Author Archives: 23tomfred45

John Cohen and Peter Hoover

Two of our collectors passed away in 2019. Ray knew each of them for a long time and both were involved with the Field Recorders’ Collective from the very beginning. We will miss their contributions both in music, knowledge, and camaraderie.

John Cohen (August 2, 1932 — September 16, 2019)

John CohenThe NPR tribute to John (linked below) starts: “John Cohen straddled two worlds: as a photographer, he immersed himself in the avant-garde visual arts scene of 1950s New York; as a musician, he was an integral part of that city’s folk revival of the same era.” All very true, though for those who knew him well, John straddled many more than two worlds. Every time we saw him he loved to discuss some new interest such as South American textiles, inform us of the history and back stories of the tunes and songs we played and stories of his experiences following his passions throughout his long and productive life. He was certainly a valuable contributor to FRC and to the traditional music scene in general. He will be missed.

John was responsible for these FRC recordings:

  • John Summers (FRC310)
  • Reverend Gary Davis (FRC116)
  • Berkeley in the 1960s (FRC609)
  • The Lost Recordings of Banjo Bill Cornett (FRC304).

Some Links:

Peter Hoover (April 29, 1939 – October 11, 2019)

Peter HooverPeter Hoover was a larger than life character, both figuratively and literally. His many, diverse passions as well as his undeniable quirkiness are documented thoroughly and lovingly in the obituary piece that appeared in the Ithaca Journal. In 1959, Peter took it upon himself to journey South, to meet older-generation musicians and to record their music. He did this over a period of three years, and the recordings that he made have resulted — thus far — in 10 excellent CDs issued by the FRC.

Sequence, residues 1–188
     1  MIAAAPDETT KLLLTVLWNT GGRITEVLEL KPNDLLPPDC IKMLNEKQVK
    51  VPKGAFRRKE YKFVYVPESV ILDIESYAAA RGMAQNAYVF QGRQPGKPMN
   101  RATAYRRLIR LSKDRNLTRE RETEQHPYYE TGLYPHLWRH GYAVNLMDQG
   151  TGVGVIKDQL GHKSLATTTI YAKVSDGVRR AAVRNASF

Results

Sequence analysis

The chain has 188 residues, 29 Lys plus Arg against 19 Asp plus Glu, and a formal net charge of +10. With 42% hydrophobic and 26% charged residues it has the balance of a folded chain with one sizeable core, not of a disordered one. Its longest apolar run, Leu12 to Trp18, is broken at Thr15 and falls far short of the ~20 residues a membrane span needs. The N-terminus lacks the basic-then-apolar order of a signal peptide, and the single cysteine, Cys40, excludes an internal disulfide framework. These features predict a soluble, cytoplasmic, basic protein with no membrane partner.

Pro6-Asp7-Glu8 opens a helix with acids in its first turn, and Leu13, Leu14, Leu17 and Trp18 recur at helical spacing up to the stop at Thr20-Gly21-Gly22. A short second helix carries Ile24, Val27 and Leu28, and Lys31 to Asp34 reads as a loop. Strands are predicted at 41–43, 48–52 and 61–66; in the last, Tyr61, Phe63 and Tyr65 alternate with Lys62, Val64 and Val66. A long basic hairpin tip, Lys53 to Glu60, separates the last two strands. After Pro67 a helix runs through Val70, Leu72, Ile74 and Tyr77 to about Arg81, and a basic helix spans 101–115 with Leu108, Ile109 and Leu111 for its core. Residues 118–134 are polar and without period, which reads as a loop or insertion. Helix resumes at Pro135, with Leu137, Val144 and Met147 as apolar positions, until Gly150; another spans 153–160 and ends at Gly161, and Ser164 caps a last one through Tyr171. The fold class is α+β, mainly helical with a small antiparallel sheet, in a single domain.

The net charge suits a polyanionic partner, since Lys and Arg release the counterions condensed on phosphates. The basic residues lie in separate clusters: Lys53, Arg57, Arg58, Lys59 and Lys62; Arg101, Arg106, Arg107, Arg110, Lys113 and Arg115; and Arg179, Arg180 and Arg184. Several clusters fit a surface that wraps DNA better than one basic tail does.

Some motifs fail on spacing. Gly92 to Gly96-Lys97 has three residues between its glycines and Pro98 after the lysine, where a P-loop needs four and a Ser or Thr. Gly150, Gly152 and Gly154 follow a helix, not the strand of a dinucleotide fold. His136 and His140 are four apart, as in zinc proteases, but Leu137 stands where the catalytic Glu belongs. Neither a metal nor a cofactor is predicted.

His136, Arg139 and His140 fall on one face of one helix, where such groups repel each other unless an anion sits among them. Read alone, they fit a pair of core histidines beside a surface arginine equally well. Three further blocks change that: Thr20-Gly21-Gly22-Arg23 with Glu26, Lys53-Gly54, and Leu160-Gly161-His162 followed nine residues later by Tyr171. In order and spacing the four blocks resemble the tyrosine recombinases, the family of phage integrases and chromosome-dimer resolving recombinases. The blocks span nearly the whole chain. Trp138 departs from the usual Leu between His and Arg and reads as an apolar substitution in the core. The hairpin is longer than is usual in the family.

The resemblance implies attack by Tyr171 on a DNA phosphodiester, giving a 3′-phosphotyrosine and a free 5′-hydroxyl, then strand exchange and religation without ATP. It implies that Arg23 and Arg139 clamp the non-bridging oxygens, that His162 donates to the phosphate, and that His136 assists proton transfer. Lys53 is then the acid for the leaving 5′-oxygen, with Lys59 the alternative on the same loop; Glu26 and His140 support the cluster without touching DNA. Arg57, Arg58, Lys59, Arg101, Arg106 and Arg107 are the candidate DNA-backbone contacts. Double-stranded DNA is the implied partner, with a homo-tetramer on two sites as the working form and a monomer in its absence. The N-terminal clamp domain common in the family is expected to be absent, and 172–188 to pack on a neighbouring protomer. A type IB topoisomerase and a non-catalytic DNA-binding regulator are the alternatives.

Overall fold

These FRC recordings were from Peter’s extensive collection:

  • Calvin Cole (FRC704)
  • Addie Leffew & Claude Wolfenbarger (FRC509)
  • Heywood Blevins (FRC508)
  • Wade Ward (FRC507)
  • Dan Tate (FRC506)
  • Byard Ray, Manco Sneed & Mike Rogers (FRC505)
  • Sidna & Fulton Myers (FRC504)
  • Santford Kelly (FRC503)
  • Marcus Martin (FRC502)
  • Uncle Charlie Higgins, and Wade Ward & Dale Poe (FRC501)

Some Links:

Track Notes for FRC738 – John Dee Kennedy of Pawnee, Oklahoma

John Dee Kennedy of Pawnee, Oklahoma – FRC738

By Brad Leftwich

John Dee Kennedy (1914-1997) was a self-effacing man who, in his prime, was considered by many to be the best breakdown fiddler in Pawnee and Osage counties, Oklahoma. In a generation where most of his contemporaries were playing Western swing, bluegrass, or Texas contest-style fiddle, John perpetuated an older family and community tradition that can be traced through the mountains of Arkansas all the way back to eastern Kentucky in the 19th century. These field recordings were made by Linda Higginbotham and Brad Leftwich at John’s home in Pawnee, Oklahoma, 1982-1985. Continue reading

Kentucky Fiddlers Home Recordings Vol. 1 Track Notes

FRC732 – Kentucky Fiddlers Home Recordings Vol. 1

by John Harrod